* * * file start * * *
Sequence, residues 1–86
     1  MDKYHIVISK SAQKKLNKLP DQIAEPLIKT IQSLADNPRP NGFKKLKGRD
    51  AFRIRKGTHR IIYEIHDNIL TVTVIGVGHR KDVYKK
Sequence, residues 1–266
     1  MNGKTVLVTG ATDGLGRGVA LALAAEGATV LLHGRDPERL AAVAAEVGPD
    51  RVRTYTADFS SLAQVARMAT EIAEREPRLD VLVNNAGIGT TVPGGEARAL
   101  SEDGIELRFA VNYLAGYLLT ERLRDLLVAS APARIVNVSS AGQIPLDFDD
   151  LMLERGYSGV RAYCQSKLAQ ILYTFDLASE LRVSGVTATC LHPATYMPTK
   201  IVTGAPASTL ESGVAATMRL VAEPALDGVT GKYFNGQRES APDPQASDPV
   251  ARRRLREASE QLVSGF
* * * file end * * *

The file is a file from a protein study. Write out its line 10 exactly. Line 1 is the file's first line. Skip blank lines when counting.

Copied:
   251  ARRRLREASE QLVSGF